Community mourns the loss of renowned photographer David Akiba
Jane Akiba clicked through pictures on her computer, her eyes sifting through the images of her children playing in fall leaves, sitting at the kitchen table, or getting dressed up for Halloween.
The photos are part of a series of books called, “Our Lives Together,” printed by her late husband, David Akiba. She said she believes her husband of 37 years took the pictures because his father died suddenly, and David wanted to preserve what he had.
“These kinds of moments, that we would just take on our phone, were printed [in a darkroom] and organized, and they are just unbelievable,” she said.
Abigail Akiba, David’s youngest daughter and a senior at Emerson, said the collection helped her to understand her father’s artistry.
“There are hundreds of beautiful family photographs, [they’re] very artistic, raw, and real,” Abigail said. “When I saw my childhood through his artistic lenses, I started to realize how he looked at the world through his camera.”
Akiba, a photographer and longtime faculty member at the college, died on August 24, at 78 years old after battling cancer for almost a year. Akiba leaves behind his wife Jane, six children, and eleven grandchildren.
“David was an exceptionally talented photographer, artist, and professor,” President M. Lee Pelton said in an emailed comment to the Beacon. “Our commonwealth of learning has lost one of its great citizens. He will be sorely missed.”
He began teaching photography classes at the college in 1993 and retired 25 years later in 2018. He was diagnosed with cancer in the fall after his retirement.
His work appears in collections of the Boston Museum of Fine Arts, the Library of Congress, the Harvard Fogg Art Museum, the Brooklyn Art Museum, and the Boston Public Library among other venues, according to his website.
While at Emerson, Akiba also helped create the Affiliated Faculty of Emerson College, American Association of University Professors, a union for adjunct professors.
“This was unbelievably unprecedented,” Shaw said.
President Pelton recalled negotiating with Akiba on the new contract for faculty.
“He was brilliant and tactical,” he said. “But he was also humane and a great listener. He was a treasure.”
Jane, a senior affiliated faculty member in the Visual and Media Arts Department, said her husband had an incredible amount of confidence in his work. She said this allowed him to pursue his career while raising six children.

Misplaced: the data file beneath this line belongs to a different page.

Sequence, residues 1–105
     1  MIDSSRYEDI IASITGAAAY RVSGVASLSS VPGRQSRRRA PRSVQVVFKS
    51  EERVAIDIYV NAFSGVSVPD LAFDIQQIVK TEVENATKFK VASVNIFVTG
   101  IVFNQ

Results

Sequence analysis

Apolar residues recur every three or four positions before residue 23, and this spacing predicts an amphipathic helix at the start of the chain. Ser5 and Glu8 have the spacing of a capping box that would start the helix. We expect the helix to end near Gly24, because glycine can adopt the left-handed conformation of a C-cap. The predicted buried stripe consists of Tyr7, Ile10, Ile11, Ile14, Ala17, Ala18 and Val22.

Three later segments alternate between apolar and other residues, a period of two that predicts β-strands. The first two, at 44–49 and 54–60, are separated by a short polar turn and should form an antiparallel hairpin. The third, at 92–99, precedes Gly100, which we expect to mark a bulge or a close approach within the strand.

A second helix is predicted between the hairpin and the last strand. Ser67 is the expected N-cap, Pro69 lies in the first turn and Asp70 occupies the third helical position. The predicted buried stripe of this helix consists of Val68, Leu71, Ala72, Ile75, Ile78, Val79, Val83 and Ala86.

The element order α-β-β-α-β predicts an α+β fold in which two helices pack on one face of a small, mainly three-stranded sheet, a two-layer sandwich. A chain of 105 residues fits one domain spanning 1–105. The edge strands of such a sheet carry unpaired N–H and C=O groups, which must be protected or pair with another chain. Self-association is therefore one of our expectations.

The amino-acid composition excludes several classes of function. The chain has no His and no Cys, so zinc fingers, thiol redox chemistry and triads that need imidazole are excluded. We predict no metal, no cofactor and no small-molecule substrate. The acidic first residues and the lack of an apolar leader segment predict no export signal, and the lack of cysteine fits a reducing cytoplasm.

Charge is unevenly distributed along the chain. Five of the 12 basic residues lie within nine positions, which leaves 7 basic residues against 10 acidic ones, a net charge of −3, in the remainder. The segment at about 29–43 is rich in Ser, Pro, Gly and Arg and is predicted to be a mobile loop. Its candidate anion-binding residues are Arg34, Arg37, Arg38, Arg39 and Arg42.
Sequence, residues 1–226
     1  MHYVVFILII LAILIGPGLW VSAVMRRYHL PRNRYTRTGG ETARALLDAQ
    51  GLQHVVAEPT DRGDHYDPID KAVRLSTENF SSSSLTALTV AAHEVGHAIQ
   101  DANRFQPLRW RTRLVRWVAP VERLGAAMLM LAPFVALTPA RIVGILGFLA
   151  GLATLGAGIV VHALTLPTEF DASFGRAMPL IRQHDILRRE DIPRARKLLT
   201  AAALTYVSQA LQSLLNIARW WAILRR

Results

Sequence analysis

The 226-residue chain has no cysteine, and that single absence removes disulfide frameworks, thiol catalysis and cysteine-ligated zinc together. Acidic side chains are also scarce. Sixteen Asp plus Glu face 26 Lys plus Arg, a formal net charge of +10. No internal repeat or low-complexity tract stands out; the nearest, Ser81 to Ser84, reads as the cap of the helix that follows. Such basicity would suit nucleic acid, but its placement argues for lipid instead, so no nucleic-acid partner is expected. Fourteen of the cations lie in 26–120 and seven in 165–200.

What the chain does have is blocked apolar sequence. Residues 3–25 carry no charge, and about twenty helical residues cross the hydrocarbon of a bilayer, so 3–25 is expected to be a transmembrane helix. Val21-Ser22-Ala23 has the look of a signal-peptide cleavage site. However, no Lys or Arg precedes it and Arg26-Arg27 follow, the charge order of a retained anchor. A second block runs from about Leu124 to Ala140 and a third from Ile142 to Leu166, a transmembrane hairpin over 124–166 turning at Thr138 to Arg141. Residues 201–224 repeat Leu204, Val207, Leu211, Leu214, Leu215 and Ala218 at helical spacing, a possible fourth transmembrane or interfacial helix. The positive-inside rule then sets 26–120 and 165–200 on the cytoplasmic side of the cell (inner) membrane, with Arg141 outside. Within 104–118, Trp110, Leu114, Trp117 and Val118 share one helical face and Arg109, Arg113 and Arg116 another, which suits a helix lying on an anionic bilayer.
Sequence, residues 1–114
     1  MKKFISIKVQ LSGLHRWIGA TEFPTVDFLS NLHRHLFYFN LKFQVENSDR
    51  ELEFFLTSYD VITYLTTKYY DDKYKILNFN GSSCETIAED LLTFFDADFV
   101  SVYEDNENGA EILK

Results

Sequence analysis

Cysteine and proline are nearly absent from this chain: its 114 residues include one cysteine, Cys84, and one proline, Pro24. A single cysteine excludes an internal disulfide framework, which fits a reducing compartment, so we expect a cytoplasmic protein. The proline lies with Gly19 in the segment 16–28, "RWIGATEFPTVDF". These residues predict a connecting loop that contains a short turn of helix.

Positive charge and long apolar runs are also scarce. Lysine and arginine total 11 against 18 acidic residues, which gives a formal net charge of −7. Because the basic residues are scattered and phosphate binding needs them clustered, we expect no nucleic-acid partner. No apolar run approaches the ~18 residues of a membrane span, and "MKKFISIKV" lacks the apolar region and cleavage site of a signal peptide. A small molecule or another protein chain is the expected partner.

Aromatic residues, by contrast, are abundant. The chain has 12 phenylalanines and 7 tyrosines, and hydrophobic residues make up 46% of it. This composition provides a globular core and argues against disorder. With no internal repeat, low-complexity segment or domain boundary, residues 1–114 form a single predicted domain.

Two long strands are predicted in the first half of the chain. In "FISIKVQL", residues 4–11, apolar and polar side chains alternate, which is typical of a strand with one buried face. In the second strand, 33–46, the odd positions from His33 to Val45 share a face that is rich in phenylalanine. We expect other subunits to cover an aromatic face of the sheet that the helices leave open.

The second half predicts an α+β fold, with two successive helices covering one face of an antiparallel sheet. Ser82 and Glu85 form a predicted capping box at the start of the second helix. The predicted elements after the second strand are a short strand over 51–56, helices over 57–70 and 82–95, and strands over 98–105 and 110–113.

“I think being an artist is the most disciplined life—he was a very committed father and husband, loving, listening, and caring,” she said. “He didn’t wait for inspiration, he didn’t wait until he felt like going to work, he just went. He was an artist with a bodywork that scans forty-five years.”
Abigail attended Jewish private school growing up, where most students’ parents were doctors or lawyers. She said she never told her classmates that her father was an artist. Instead, she started the conversation by telling them he was a professor.
But as Abigail matured, she said she began to understand and appreciate his work.
“Now I show his art to as many people as I can, and I call him an artist now,” she said.
Lauren Shaw, a professor in the Visual and Media Arts department, met Akiba 48 years ago in graduate school at the Rhode Island School of Design. She came to Emerson in 1972 and recommended that the college hire him when her first opportunity to bring on an adjunct professor arose.
“He was my first choice—he was a master at composition and his respect for [film photography] was fundamental,” she said. “Later in his career, he did digital, but his passion was the darkroom.”
Shaw described Akiba as a commanding teacher with a devoted following of students.
“If you walked into his classroom during a critique, you could hear a pin drop — when he spoke, everyone listened,” she said. “I teach juniors and seniors, so I know when I have students, they are well trained by my colleagues—but when I got a David Akiba student, I knew they were perfect.”
In an anecdote on his website titled, “A Simple Sense of Delight,” Akiba explained why after building a darkroom in his childhood bedroom, photography continued to fascinate him decades later.
“Intent and chance may link up, and the fusion of the two creates surprising and thrilling results,” he wrote. “It is the thrill that keeps me going out with the camera and returning in haste to develop the negatives.”
Abigail described her father as well-read and intelligent, someone who always had an answer for her questions.
“You could talk to him about sports in one conversation and then you could be talking about philosophy and religion,” she said. “You wouldn’t notice him when he walked into a room, but once you start talking to him, you would think, ‘Wow, this guy is extraordinary’.”
Ms. Akiba said her husband’s strong demeanor never faded.
“Until he died, he was just trying to get up,” Ms. Akiba said. “He had incredible will.”